How long have I got? An initial thought by many but there is no definitive answer. It can vary so much and there may be other serious health problems. What to do is make the most of your life after diagnosis, and look after yourself
Here are some personal thoughts.
How would you feel, if you were not made aware of something, which while unpalatable to hear, might nevertheless, bring some solution and benefits to you.
Why are some of the medical profession reluctant to consider, that a person with certain symptoms may have dementia, and send them for an evaluation.
Have they seen other cases where the patient has been sucked into a void and ended up as flotsam, and consequently, they genuinely fear for their patient’s welfare.
Do they think they are condemning them to a nightmarish existence? Being practical, what can be done for people?
I have no doubt that due to ignorance of what is available out there, or more likely, knowledge of what scant support, there is, this has happened. But as Bob Dylan said “Times Are A Changing”.
People with dementia, have a much better chance of a quality life these days, as we speak out more, about what we need to help us maintain a life as near as possible to what we had before. Good support from enlightened and dedicated people helps. Thank you forever Brenda!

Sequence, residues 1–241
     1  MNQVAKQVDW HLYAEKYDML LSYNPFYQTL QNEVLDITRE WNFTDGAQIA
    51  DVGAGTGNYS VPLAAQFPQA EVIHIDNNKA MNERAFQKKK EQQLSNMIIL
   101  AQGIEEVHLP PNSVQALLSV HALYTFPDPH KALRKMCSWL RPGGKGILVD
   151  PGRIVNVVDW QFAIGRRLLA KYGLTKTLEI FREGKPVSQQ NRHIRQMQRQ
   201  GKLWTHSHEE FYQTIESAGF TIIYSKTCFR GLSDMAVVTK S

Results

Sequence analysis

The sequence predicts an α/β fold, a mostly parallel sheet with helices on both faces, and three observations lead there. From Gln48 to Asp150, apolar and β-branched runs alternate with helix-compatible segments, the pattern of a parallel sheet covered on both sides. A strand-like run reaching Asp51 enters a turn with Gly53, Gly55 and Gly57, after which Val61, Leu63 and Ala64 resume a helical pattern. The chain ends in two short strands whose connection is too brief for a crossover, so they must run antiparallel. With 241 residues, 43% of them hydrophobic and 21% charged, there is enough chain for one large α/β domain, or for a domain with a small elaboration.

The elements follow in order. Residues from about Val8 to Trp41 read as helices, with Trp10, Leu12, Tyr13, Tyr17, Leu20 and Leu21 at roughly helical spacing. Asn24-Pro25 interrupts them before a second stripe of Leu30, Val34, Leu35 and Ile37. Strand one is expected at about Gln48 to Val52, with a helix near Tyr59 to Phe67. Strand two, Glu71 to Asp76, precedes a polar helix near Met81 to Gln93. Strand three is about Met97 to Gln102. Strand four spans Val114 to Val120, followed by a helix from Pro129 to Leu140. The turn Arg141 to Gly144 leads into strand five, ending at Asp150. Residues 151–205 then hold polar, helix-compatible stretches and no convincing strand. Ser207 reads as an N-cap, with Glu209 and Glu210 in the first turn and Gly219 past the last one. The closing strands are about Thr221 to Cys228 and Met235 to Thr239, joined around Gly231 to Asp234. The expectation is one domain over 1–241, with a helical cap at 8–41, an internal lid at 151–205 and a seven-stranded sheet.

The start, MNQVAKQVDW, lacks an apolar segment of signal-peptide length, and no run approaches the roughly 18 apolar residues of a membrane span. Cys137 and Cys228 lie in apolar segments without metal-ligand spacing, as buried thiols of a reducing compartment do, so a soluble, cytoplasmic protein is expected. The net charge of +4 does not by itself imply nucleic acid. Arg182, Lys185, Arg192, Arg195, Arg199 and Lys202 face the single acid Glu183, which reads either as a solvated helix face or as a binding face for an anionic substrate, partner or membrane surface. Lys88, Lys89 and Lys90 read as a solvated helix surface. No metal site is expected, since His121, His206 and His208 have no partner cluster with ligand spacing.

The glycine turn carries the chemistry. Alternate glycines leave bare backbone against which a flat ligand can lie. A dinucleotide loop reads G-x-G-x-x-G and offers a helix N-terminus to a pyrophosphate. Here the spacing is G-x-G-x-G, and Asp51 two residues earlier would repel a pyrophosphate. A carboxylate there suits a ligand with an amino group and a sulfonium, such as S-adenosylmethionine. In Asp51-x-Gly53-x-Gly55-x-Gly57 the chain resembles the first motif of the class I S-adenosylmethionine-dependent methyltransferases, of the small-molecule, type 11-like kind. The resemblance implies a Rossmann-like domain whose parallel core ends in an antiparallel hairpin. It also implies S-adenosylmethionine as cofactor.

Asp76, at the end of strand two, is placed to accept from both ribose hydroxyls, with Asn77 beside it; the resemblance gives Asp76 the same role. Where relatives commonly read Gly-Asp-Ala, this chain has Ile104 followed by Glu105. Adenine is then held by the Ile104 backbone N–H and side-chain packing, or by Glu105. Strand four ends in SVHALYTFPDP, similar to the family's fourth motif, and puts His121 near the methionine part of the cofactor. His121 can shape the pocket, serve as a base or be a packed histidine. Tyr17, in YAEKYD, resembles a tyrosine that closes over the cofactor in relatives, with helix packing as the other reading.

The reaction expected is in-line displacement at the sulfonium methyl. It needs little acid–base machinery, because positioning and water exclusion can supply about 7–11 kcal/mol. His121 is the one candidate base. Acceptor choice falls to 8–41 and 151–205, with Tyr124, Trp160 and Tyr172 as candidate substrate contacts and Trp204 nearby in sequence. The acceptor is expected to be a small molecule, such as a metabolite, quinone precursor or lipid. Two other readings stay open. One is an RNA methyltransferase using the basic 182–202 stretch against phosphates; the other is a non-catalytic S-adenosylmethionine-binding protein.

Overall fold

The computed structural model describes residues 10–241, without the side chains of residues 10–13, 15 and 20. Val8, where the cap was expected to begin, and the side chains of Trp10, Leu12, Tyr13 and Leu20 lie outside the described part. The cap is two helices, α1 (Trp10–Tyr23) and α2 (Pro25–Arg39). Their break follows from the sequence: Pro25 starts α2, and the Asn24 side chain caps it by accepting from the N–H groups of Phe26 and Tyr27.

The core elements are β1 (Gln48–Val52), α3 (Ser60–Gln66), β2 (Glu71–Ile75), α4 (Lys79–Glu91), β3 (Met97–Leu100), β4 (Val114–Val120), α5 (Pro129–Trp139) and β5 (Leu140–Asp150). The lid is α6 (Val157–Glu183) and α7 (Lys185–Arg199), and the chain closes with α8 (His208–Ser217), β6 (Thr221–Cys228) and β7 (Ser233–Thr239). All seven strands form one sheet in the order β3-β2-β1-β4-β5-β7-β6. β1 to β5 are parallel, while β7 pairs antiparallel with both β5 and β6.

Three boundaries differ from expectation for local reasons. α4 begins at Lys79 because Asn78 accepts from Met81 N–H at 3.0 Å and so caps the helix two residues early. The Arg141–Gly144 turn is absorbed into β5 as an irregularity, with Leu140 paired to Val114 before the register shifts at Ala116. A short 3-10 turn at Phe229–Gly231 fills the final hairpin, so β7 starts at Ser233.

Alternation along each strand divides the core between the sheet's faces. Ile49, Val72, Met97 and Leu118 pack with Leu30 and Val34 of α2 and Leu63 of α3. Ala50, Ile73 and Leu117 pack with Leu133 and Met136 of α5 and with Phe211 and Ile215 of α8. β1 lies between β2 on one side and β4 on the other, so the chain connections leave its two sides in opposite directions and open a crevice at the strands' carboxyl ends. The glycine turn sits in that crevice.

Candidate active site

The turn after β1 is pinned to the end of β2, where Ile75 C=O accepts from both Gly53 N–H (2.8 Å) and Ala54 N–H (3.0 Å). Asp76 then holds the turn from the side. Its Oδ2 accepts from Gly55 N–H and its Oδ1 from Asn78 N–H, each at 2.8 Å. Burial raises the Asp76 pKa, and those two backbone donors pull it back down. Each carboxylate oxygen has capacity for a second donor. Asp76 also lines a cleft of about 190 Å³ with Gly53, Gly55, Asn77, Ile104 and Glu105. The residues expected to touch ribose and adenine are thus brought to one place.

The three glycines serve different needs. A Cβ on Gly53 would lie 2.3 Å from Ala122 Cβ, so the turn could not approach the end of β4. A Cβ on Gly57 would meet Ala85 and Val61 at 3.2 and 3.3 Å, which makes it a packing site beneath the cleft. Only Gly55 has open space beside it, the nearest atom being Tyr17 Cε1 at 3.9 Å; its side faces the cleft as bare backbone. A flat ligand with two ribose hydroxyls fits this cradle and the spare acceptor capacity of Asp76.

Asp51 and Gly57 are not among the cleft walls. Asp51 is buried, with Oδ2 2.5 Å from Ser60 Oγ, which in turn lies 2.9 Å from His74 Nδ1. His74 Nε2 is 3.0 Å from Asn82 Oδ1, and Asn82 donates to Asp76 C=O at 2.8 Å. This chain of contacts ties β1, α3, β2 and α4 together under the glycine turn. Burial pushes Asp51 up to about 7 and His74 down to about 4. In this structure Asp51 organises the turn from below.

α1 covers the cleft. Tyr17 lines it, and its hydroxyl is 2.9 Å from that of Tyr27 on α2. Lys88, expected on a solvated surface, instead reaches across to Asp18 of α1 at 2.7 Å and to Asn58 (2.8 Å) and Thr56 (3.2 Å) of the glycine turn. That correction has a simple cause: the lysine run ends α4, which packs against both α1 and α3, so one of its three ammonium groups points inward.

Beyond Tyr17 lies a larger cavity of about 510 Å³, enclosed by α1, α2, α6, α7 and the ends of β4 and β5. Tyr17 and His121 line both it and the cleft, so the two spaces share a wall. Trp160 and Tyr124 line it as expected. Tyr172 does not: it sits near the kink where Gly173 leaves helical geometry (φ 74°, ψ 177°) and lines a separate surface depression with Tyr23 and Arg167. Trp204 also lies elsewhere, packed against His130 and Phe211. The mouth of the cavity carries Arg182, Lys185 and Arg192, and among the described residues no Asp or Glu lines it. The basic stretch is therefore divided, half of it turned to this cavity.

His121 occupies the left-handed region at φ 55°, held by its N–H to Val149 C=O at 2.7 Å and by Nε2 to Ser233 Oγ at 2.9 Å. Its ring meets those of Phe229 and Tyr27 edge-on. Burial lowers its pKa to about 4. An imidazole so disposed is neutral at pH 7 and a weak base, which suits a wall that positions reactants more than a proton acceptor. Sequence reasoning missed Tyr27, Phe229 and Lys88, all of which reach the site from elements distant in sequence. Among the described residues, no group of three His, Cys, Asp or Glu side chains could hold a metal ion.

And the powers that be are starting to listen. Is dementia not a national priority for the current Scottish Government?
I hope to convince you that the earlier a diagnosis is made, the better it is for the person, their family, their future and anybody in contact with them.
Depending on the type of dementia, there may be medication available, which helps best in the early stages e.g. Aricept for the Alzheimer’s type of dementia and other drugs for the middle to later stages.
The person may well be depressed, as they fought against an unseen enemy and medication can help here, until they come to terms with their illness.
The person may have behaviour/personality problems, which can be helped by a combination of medication, love, understanding and non-pharmacological interventions.
The condition, which caused the dementia e.g. vascular problems, can be treated with medication to help delay further deterioration. Example; help reduce further Transient Ischaemic Attacks (TIAs) or limit their severity.